With that stop completed we began our sightseeing in and around Tubac.  Our first stop was the Tumacácori National Historic Park, which preserves the ruins of three early Spanish colonial missions.  The area was originally visited by Jesuit Father Eusebio Francisco Kino in 1691, and Tumacácori became the first mission established in what became Arizona.  We took a self-guided tour of the mission site and checked out the church ruins.

Tumacacori National Historical Park

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The Tumacácori mission church and outbuildings sat abandoned and deteriorating for 60 years beginning in 1889.  President Theodore Roosevelt created  the Tumacácori National Monument in 1908 to preserve the ruins.

Mission San José de Tumacácori

The mission church in 1889

The majority of the church, with the exception of the roof and the floor, is original. Unfortunately the interior was mostly gutted by souvenir hunters, which meant that little of it was left by the time preservation began.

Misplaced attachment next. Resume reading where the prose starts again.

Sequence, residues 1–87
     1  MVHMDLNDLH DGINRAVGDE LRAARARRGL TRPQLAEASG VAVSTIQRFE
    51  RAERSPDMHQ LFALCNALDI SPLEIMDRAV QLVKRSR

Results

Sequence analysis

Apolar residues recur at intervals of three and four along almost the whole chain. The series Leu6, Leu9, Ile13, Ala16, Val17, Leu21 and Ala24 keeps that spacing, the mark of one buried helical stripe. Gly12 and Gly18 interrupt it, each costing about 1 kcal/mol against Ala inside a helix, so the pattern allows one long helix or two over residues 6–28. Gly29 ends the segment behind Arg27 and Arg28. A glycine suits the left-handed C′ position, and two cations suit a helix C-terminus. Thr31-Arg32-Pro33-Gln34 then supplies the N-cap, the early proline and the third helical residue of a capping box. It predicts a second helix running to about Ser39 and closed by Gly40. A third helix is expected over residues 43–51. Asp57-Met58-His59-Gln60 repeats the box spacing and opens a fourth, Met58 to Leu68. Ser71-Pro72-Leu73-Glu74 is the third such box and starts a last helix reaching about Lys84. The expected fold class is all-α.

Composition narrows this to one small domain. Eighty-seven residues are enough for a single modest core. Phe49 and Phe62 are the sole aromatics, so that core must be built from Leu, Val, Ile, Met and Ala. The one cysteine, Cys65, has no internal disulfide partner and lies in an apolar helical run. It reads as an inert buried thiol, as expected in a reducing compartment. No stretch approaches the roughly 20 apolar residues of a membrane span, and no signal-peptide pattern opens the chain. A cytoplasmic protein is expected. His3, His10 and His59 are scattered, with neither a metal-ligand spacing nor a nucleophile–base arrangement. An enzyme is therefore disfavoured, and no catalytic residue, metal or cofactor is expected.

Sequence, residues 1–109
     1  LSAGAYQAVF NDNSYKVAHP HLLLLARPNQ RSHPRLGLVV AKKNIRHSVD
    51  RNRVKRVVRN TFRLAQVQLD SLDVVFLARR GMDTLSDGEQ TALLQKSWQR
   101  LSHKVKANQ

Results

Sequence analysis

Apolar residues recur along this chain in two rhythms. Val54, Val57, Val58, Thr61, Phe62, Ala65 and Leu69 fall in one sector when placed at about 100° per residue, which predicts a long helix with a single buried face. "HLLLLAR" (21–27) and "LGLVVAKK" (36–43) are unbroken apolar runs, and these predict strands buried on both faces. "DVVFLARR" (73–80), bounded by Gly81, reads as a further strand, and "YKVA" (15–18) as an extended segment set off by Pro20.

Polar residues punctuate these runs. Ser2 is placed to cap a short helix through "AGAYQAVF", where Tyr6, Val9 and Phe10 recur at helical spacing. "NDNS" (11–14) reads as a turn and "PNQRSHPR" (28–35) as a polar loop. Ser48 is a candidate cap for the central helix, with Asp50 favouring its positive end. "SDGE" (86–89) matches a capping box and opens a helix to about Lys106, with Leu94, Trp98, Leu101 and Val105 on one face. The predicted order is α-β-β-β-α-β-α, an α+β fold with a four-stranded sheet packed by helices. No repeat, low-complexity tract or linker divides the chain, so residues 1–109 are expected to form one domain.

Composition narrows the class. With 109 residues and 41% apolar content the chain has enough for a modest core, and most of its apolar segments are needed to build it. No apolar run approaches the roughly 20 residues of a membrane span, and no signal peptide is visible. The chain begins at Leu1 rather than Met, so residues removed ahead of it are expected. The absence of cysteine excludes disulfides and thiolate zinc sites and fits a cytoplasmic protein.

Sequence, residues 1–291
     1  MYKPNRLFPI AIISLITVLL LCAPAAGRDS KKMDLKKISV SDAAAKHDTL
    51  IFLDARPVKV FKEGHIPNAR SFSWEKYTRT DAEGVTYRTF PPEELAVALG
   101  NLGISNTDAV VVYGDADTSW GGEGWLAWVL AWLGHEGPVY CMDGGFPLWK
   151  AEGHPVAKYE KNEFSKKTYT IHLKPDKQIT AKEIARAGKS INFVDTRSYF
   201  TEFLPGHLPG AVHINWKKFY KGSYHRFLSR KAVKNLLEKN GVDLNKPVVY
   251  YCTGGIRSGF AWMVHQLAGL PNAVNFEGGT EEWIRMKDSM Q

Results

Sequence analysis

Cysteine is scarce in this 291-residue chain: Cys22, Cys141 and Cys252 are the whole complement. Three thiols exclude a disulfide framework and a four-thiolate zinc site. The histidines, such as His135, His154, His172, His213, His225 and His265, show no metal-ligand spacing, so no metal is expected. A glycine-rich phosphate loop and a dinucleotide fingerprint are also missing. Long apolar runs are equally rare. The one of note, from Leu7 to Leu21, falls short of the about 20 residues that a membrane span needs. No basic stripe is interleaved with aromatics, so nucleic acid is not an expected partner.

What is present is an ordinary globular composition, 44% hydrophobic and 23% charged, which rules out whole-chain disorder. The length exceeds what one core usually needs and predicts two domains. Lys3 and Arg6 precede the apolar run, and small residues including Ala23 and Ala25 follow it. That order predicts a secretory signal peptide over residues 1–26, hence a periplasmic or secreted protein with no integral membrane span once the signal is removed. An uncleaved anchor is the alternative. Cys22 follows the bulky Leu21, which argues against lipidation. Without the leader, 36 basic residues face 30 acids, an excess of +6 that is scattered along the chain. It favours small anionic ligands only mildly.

Mission San José de Tumacácori

Mission San José de Tumacácori today

The building blocks of the mission are sun-dried mud bricks known as adobes, and they make up most of its structures.

Mission San José de Tumacácori

Front of the church

Tumacacori National Historic Park

The remains of the nave

 Mission San José de Tumacácori

A display of the colorful nave in the past – note there were no pews or benches

Other highlights of the tour took us through the gardens, the cemetery behind the church, and the unfinished mortuary chapel.

Mortuary Chapel at Mission San José de Tumacácori

The mortuary chapel was circular in design

The mission and church were abandoned in 1848 due to relentless attacks by the Apaches, diseases and continued turmoil during the U.S. / Mexican war.

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The convent is on the right